Weaken the magnet of jobs

By Mark Krikorian on August 14, 2015

USA Today, August 13, 2015

Border enforcement isn't just about the Mexican border.

The frontier with our southern neighbor really is better controlled than it used to be, though that's not saying much, considering how laughably inadequate enforcement was in the past.

But it's immigration security overall that we need to worry about, both at the border and the interior. Better border fencing is indeed necessary, but our efforts in non-border areas haven't even risen yet to the level of "laughably inadequate." Until they're addressed, we shouldn't even be discussing what to do about illegal aliens already here.

The three biggest weaknesses are worksite enforcement, visa tracking, and state and local partnerships with federal authorities.

Weakening the magnet of jobs is key to deterring illegal immigration. The online E-Verify system enables employers to check whether new hires are telling the truth about who they are — but it's only voluntary. Only by making E-Verify a universal part of the hiring process can we even begin to claim to be serious about enforcement.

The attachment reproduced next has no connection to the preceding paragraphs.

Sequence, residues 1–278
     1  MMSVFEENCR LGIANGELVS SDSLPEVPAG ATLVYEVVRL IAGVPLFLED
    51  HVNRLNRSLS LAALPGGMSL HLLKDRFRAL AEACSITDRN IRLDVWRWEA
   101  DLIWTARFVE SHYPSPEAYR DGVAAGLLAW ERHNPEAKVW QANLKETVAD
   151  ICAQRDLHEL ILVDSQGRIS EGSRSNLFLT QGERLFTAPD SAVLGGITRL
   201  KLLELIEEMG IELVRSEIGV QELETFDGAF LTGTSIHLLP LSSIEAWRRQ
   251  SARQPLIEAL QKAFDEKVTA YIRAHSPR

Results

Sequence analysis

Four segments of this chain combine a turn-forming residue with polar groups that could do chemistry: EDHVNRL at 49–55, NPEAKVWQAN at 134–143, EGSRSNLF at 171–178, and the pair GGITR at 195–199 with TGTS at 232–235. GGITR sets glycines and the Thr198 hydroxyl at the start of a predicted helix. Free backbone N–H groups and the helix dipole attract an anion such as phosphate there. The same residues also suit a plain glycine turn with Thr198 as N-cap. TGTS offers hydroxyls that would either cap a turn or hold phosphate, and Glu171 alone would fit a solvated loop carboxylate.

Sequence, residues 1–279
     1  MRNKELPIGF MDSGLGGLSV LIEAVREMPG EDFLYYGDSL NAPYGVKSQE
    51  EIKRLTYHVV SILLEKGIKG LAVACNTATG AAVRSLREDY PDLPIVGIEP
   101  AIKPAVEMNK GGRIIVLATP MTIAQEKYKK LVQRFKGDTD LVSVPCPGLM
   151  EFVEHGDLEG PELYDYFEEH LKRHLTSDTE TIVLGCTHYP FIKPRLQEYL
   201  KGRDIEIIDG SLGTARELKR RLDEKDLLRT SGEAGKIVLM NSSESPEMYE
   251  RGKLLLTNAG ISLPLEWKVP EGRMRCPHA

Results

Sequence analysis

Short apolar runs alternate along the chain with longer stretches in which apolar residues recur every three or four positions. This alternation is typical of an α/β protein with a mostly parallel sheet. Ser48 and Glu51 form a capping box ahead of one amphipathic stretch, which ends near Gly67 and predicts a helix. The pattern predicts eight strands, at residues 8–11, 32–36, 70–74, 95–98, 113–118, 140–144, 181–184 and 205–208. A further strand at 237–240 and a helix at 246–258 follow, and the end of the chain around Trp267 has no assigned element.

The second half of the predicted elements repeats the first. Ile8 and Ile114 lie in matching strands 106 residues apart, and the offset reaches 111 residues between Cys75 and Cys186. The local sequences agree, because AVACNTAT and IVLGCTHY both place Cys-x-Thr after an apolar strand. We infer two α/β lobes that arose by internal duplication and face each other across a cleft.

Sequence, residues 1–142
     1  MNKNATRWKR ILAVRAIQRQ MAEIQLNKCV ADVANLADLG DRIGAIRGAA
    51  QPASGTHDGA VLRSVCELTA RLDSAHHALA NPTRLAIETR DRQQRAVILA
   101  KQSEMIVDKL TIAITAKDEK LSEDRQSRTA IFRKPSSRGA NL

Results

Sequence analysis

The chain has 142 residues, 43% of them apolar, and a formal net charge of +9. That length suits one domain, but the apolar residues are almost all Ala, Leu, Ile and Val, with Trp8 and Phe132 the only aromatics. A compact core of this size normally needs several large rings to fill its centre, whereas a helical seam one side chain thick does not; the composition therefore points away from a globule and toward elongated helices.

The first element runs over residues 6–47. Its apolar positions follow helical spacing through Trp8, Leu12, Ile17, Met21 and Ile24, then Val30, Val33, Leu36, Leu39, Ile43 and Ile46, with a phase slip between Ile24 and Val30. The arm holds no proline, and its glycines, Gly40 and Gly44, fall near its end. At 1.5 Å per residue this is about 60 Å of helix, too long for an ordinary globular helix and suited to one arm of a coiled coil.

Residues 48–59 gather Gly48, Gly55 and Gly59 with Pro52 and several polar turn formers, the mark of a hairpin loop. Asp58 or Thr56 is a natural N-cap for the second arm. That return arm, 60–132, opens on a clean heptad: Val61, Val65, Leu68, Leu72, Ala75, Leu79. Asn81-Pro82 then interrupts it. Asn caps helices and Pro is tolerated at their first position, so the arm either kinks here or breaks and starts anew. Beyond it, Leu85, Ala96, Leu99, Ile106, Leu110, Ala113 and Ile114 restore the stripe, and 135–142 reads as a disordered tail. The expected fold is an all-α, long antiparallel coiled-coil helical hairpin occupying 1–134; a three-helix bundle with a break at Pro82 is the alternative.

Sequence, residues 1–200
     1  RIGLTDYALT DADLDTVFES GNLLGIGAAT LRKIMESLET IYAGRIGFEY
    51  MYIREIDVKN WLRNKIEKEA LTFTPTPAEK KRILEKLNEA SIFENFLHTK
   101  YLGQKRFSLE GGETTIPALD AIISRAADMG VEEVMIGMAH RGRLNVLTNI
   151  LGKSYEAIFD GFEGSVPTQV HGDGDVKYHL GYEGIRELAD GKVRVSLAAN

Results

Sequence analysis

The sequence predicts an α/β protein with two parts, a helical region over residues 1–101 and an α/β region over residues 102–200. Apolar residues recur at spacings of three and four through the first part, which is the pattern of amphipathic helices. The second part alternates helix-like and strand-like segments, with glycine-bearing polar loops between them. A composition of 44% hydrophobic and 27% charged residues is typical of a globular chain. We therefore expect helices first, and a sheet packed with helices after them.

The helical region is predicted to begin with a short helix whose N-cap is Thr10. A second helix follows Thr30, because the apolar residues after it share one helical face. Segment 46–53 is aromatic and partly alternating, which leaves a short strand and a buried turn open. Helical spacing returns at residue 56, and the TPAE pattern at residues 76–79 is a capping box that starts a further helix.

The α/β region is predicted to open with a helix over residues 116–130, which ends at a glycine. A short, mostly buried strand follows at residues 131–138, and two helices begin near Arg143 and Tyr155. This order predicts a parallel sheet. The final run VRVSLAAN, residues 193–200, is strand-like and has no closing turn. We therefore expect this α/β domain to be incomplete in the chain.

People who come here legally on visitor visas but never leave are now the main source of new illegal immigration, accounting for nearly 60% of the 1,000 new illegal aliens a day settling here. We do a better job of checking people in as they arrive, but we don't track departures. That means we don't know which visa holders have remained illegally — despite the fact that Congress has mandated such a visa-tracking system eight times since 1996.

It should go without saying that any illegal alien arrested for local crimes should be deported. Yet the Obama administration has dismantled the infrastructure for cooperation between the feds and local law enforcement. Rebuilding these relationships, and protecting cities from predatory lawsuits by anti-borders groups such as the ACLU, is imperative.

Politicians who want legalization of the illegals now, while promising to get around to improving enforcement in the future, are offering the same bad deal as the infamous 1986 amnesty. "Enforcement first" is the only acceptable approach.